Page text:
Carol stared at the stack of papers in her hand—another symptom of after, but this one more painful. Carol had built a fire—her first fire of the fall—and she nearly threw the papers in, just for the pleasure of watching them turn to black dust. It would have been better than reading them, that was for sure. Why read nothing? In five years of searching for a girl that wouldn’t be found, she’d at least learned that much.

Carol could never burn the papers, though. And so she moved over to the closet near the bookshelves—Carol’s crafts closet as far as Nelson was concerned—and slid out the small black trunk she kept under her knitting bags. She threw back the lid and removed the layer of bright fabric scraps and squares sewn together in festive clusters, removed the spools of thread and pattern books and the wooden needle box (all remnants of the quilting phase she’d gone through fifteen years ago). Then she removed the piece of cardboard she’d cut to fit the floor of the box, and she placed the stack of papers in. Placed it in without reading it, on top of all the other stacks of papers she never should have read, repositioned the cardboard, and arranged everything back on top until it was her quilting supply box again.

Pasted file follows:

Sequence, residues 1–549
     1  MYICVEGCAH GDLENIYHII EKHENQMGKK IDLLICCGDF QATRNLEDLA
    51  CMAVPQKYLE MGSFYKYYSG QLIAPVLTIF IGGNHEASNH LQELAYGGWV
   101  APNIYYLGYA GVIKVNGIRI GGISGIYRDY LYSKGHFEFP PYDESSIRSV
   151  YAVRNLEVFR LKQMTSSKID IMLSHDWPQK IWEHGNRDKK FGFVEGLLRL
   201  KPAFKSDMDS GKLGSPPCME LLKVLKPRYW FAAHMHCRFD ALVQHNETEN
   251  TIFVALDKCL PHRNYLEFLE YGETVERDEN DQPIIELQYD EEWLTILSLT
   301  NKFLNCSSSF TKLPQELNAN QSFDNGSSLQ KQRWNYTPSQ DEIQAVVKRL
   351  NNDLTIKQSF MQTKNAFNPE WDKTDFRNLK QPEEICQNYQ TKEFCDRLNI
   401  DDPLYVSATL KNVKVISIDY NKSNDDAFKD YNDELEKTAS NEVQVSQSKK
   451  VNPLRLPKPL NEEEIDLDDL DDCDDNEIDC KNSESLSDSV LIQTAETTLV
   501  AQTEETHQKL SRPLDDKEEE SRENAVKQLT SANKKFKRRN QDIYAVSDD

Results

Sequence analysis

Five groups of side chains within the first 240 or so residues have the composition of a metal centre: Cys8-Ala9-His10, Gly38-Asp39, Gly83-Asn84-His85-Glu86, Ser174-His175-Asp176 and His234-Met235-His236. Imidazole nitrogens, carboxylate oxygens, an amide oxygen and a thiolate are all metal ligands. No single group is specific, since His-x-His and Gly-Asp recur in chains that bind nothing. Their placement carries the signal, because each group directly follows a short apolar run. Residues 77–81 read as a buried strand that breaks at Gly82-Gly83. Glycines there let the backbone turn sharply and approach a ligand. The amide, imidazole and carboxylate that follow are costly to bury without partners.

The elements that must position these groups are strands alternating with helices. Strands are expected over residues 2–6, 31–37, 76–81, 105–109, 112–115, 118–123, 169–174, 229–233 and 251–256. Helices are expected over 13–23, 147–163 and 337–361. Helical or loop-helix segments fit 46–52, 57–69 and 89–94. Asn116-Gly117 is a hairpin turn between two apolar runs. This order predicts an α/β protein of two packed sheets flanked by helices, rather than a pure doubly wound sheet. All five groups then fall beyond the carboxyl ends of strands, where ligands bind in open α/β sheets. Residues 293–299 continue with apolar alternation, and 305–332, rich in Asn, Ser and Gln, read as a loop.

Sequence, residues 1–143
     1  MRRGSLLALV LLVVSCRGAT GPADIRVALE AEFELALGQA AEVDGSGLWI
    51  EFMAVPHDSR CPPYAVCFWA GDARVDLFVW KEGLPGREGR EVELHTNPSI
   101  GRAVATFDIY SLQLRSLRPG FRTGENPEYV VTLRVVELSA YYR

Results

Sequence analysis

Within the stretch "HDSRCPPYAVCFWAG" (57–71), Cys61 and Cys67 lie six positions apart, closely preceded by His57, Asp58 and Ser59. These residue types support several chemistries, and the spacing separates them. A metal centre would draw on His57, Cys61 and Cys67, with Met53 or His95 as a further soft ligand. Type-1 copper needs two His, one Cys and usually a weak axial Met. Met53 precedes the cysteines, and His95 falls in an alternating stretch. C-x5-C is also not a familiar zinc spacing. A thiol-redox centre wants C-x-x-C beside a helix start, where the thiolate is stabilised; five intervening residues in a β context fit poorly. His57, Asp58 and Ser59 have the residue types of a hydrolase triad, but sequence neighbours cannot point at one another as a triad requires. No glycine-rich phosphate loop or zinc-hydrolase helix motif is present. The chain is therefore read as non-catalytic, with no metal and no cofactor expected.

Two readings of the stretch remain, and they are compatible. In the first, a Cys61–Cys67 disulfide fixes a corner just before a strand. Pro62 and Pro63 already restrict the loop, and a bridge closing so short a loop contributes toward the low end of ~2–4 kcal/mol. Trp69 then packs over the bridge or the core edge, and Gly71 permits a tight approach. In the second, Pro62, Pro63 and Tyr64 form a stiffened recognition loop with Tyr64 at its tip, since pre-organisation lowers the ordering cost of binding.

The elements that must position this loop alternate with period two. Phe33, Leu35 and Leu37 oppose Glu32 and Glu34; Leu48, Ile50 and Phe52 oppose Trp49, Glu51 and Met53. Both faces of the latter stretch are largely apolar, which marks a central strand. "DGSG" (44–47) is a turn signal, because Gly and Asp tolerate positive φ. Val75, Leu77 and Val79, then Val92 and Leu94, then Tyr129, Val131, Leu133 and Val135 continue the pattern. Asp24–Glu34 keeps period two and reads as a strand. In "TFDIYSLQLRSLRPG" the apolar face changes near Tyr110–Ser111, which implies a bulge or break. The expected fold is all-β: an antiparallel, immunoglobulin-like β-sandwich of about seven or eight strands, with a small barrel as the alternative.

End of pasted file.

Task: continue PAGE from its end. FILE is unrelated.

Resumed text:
These new papers had come from Mr. Klavel—a ferrety man with a basement office in neighboring Mount Temple, a large, sweaty forehead, and breath so foul that it almost felt intentional. Mr. Klavel, latest in a line of cheap private investigators Carol had hired in secret, and possibly the least sensitive man she’d ever met. The fruits of my search, he had said as he handed Carol the ten-year-old police files, the photocopy of Iris’s first grade class picture, and phone call transcripts and addresses of known pedophiles living within a twenty-mile radius of Carol’s home in Tarry Ridge, New York, a decade ago. All rotten. Carol still couldn’t believe he’d said that.